Now, though, we're seeing that the profitability of mining BTC and the profitablity of mining BCH are much closer to each other than they used to be, and the hashrates have balanced out accordingly. In the past few months, we've seen both hashrates gradually and consistently increasing—which is what you'd expect, given the continued adoption of and interest in cryptocurrencies more broadly.
For both BTC and BCH, over half the new blocks are created by the same six pools: BTC.top, ViaBTC, AntPool, BTC.com, Bitcoin.com and F2Pool. However, in recent months, given the differential in profitability between mining BTC and mining BCH has decreased substantially, the switching back and forth between the two cryptocurrencies by mining pools has decreased considerably.
The future: can Bitcoin Cash coexist with Bitcoin?
Bitcoin and Bitcoin Cash have distinct long-term aims, and the differences in how they're already handling transaction volume and block size reflect those aims.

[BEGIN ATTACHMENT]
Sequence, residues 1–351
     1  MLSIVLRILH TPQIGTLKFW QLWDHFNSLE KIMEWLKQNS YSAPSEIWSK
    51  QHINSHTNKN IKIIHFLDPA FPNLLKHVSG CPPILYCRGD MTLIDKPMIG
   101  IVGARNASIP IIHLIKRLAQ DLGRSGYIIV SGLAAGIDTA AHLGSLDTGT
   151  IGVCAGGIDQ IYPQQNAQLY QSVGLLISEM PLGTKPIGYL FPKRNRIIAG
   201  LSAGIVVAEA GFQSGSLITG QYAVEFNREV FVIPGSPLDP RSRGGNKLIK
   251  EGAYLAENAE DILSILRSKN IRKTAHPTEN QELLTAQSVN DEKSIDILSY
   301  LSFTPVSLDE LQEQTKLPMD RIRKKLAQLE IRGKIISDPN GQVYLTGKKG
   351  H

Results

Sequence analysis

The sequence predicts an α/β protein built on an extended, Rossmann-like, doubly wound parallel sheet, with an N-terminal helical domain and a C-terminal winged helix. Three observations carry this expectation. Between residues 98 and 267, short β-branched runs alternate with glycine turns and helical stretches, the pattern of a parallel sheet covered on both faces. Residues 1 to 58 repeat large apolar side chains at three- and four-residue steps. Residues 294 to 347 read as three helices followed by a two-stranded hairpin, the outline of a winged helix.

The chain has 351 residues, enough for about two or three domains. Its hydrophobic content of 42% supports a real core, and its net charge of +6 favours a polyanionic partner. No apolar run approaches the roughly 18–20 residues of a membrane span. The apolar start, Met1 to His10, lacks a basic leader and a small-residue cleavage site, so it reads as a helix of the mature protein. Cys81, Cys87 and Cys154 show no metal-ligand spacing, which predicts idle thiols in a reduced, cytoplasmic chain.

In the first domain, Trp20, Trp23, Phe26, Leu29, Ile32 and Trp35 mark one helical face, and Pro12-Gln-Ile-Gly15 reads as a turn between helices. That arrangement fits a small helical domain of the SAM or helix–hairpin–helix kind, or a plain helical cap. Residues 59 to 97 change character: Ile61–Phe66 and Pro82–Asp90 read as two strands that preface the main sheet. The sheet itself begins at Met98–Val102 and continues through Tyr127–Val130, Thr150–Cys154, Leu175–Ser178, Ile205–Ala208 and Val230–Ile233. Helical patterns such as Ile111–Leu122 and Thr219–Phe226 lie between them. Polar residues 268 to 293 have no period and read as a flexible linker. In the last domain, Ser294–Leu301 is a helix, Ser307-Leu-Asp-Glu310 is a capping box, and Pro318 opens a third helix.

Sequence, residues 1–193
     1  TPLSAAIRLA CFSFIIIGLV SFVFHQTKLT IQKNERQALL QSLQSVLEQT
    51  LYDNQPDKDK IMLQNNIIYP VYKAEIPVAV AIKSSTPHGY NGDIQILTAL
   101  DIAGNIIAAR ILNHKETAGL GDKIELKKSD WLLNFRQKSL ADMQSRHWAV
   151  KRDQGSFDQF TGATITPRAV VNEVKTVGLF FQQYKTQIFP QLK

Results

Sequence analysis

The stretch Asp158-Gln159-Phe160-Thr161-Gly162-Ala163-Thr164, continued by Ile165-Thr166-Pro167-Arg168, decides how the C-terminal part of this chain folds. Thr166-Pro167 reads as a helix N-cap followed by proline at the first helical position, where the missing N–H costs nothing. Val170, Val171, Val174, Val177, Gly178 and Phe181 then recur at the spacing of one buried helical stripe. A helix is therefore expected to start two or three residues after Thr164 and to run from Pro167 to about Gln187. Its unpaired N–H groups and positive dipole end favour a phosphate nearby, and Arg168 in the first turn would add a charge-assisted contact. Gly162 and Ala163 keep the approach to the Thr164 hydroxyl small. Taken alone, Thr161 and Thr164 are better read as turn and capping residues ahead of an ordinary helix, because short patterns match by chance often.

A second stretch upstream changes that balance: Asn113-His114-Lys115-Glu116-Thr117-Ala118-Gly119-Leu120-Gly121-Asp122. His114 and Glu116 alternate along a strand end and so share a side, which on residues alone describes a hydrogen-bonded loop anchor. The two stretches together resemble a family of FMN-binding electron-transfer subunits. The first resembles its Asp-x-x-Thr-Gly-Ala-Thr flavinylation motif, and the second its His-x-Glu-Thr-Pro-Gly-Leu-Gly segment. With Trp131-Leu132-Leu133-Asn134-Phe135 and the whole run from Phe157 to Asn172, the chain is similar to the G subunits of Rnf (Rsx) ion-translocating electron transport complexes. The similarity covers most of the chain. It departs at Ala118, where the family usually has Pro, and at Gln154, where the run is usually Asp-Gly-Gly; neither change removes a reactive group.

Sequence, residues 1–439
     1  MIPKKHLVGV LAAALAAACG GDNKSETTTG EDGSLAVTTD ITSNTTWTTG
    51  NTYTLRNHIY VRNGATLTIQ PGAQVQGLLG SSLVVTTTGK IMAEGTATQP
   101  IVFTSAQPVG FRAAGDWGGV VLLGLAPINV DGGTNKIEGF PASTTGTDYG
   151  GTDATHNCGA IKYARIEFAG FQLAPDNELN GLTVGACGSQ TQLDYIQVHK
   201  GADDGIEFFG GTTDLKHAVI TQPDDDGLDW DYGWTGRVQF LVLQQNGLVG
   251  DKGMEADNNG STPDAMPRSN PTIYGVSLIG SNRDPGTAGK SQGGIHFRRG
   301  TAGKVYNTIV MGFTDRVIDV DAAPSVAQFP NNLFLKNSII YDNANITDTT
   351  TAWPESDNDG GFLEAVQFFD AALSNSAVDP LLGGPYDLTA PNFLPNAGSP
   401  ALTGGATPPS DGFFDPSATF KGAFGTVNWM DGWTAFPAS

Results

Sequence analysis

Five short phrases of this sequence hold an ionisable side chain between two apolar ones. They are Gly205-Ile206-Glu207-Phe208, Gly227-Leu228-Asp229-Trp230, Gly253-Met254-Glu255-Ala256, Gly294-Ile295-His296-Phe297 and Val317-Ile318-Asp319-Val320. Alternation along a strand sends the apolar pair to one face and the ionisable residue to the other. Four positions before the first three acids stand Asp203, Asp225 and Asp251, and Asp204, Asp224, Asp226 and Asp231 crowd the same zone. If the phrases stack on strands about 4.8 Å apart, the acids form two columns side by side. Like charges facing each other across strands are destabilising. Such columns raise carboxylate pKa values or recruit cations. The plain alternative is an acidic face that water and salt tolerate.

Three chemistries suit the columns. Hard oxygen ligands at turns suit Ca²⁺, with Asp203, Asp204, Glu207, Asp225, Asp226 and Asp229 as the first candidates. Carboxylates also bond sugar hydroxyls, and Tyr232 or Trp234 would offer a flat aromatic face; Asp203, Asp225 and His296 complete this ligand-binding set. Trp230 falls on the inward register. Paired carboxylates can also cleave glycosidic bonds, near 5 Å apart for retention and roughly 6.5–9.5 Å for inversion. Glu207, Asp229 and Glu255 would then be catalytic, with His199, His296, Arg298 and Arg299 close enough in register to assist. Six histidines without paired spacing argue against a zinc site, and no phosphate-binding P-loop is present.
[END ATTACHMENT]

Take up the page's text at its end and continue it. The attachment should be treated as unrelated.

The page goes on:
Eventually, BTC and BCH may be able to peacefully coexist with different goals, with BTC acting like gold and BCH acting like PayPal—but BCH will have to grow far more before that possibility has a chance of being realized.
About the author
Akbar Thobhani is the CEO of SFOX — a broker-dealer for institutional cryptocurrency trading. He started his career as a software engineer at JPL / NASA, and began mining bitcoins while attending MIT. Akbar was head of growth and business development at Airbnb. Specializing in trading and payments platforms, he has developed solutions for ITG, Boku, and Stamps.com.